Progress in the Study of Maternal Behavior in the Rat: Hormonal, Nonhormonal, Sensory, and Developmental Aspects

Jay S. Rosenblatt, Harold I. Siegel, Anne D. Mayer

Research output: Contribution to journalArticlepeer-review

55 Scopus citations


This chapter discusses the progress that has been made in the study of maternal behavior in the rat with special focus on the research that has been carried out at the Institute of Animal Behavior. It describes how maternal behavior arises from the hormonal conditions that exist during pregnancy, particularly around parturition when maternal behavior normally begins. The chapter demonstrates that the maternal behavior cycle is a developmental product of hormonal events during pregnancy, especially at its termination, and of behavioral stimulation received during interactions between the mother and her young. Investigation of females whose pregnancies were terminated prematurely by hysterectomy and/or ovariectomy has shown that the rise in estrogen, primarily, is responsible for the onset of maternal behavior under these conditions. To be effective this rise must occur free of the inhibiting influence of high levels of progesterone and that the decline in progesterone in addition to its permissive action with respect to estrogen may itself facilitate a short-term increase in maternal responsiveness. The chapter further deals with postpartum stimulus factors, which regulate maternal behavior and are involved in its maintenance and eventual decline.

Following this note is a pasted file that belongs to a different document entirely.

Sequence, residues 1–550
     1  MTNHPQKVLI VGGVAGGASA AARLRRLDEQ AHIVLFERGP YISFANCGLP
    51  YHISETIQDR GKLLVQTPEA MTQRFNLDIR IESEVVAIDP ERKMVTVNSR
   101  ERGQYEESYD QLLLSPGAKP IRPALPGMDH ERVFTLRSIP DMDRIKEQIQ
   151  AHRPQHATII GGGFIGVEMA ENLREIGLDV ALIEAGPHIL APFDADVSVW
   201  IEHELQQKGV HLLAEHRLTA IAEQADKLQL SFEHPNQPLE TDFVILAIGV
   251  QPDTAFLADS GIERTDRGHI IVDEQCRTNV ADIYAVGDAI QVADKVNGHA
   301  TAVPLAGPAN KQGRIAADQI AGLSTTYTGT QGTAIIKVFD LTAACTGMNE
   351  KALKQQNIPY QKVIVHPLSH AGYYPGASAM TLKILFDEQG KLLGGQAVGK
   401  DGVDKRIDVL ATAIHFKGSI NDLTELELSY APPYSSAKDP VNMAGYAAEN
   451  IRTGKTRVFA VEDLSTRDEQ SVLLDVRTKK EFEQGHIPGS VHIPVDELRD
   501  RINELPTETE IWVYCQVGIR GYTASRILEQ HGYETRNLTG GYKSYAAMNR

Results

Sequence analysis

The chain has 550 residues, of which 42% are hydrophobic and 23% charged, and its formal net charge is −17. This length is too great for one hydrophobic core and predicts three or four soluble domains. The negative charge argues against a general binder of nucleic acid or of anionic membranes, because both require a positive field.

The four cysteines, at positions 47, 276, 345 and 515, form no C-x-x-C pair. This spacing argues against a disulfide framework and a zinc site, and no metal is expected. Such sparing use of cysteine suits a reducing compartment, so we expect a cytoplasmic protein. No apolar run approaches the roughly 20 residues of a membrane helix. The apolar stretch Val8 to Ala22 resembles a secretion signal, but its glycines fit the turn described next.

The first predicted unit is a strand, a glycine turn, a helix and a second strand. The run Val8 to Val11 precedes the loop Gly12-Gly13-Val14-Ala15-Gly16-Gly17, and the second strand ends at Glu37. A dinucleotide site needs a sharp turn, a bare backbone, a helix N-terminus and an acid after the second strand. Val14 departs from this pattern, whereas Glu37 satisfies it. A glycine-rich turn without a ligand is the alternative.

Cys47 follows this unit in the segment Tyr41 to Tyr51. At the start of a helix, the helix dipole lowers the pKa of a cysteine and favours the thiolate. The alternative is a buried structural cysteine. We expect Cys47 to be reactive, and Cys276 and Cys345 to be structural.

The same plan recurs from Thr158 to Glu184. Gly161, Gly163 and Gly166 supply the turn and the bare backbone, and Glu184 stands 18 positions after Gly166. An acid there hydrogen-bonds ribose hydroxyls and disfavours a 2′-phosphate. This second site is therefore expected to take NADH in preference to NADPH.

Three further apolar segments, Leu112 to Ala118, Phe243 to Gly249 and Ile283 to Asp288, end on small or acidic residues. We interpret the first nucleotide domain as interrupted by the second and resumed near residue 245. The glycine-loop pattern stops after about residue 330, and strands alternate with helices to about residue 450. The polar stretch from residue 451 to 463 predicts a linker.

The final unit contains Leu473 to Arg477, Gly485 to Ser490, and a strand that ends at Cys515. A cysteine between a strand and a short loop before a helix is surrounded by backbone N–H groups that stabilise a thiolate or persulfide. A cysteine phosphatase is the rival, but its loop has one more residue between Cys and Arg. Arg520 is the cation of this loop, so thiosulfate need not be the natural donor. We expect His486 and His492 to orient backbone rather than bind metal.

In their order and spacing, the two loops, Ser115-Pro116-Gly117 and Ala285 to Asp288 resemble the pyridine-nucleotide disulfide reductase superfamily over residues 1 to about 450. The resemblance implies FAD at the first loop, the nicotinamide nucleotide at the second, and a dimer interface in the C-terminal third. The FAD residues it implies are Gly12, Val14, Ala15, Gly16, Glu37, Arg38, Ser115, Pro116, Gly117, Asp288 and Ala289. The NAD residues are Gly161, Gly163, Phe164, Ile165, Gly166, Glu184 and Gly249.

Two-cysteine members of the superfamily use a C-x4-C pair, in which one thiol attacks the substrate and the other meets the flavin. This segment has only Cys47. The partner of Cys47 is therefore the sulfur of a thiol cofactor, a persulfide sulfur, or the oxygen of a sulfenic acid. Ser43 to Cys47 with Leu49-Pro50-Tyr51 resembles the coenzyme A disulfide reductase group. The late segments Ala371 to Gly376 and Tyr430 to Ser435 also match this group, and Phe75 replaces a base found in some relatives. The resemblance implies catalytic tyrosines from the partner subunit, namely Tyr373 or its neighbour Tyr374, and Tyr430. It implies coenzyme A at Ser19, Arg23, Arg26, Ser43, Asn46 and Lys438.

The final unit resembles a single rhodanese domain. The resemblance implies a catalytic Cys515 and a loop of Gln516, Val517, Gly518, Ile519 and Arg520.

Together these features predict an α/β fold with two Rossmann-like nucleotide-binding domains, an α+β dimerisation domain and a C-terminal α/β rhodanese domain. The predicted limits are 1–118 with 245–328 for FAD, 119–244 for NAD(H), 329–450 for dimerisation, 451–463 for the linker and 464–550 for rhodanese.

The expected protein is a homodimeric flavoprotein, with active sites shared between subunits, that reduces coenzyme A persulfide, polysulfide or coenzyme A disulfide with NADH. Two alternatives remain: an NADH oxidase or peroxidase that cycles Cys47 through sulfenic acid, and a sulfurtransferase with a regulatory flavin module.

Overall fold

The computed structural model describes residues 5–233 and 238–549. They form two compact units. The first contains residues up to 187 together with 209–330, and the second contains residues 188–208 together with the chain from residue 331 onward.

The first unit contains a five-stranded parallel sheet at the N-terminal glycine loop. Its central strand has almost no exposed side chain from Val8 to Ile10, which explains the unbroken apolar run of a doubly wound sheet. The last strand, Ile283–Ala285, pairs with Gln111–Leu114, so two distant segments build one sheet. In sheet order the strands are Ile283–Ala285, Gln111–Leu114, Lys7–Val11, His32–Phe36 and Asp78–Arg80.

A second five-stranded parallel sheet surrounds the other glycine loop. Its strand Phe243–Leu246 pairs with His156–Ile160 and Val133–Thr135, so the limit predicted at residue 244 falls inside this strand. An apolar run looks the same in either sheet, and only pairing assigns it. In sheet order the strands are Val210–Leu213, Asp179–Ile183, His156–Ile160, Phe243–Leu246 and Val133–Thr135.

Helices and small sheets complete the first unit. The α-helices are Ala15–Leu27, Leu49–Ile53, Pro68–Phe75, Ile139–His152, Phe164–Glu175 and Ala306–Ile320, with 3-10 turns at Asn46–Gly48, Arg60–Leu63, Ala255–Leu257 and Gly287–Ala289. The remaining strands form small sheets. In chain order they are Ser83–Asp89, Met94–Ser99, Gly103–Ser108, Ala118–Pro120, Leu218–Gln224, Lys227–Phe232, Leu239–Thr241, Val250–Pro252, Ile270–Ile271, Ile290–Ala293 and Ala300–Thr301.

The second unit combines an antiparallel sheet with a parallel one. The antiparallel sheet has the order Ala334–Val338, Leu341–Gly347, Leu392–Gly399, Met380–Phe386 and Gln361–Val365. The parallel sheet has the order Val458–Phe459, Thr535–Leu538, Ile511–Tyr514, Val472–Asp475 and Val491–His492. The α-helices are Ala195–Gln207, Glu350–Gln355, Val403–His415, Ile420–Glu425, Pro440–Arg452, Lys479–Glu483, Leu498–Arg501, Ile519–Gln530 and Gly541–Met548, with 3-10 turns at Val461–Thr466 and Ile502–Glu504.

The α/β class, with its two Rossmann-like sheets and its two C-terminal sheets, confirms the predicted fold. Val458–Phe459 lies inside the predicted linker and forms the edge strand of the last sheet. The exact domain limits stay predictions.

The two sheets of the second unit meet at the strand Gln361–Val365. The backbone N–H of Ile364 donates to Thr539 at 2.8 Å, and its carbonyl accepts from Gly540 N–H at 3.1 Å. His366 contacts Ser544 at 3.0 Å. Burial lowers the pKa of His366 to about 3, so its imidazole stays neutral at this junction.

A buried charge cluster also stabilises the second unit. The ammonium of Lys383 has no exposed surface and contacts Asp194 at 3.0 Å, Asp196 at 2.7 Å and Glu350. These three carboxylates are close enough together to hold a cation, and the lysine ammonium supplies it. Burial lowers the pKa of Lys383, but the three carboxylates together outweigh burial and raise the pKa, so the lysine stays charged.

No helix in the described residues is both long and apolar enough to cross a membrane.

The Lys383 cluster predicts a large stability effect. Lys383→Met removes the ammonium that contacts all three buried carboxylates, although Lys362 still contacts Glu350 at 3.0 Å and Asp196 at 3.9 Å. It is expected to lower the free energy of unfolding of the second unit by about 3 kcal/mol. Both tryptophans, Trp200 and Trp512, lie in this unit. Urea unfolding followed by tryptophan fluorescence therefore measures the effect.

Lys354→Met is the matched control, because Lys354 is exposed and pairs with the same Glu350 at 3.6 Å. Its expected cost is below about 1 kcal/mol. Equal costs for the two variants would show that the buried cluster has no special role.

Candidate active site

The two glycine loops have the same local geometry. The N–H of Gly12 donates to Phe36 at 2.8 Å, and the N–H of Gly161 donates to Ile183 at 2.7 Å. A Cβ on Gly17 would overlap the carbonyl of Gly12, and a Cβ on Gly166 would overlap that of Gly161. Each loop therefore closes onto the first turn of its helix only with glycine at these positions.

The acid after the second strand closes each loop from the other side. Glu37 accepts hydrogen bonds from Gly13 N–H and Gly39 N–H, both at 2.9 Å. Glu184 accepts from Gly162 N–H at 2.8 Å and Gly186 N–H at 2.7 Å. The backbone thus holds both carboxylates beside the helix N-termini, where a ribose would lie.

Original languageEnglish (US)
Pages (from-to)225-311
Number of pages87
JournalAdvances in the Study of Behavior
Issue numberC
StatePublished - Jan 1 1979

All Science Journal Classification (ASJC) codes

  • Neuropsychology and Physiological Psychology
  • Animal Science and Zoology
  • Behavioral Neuroscience


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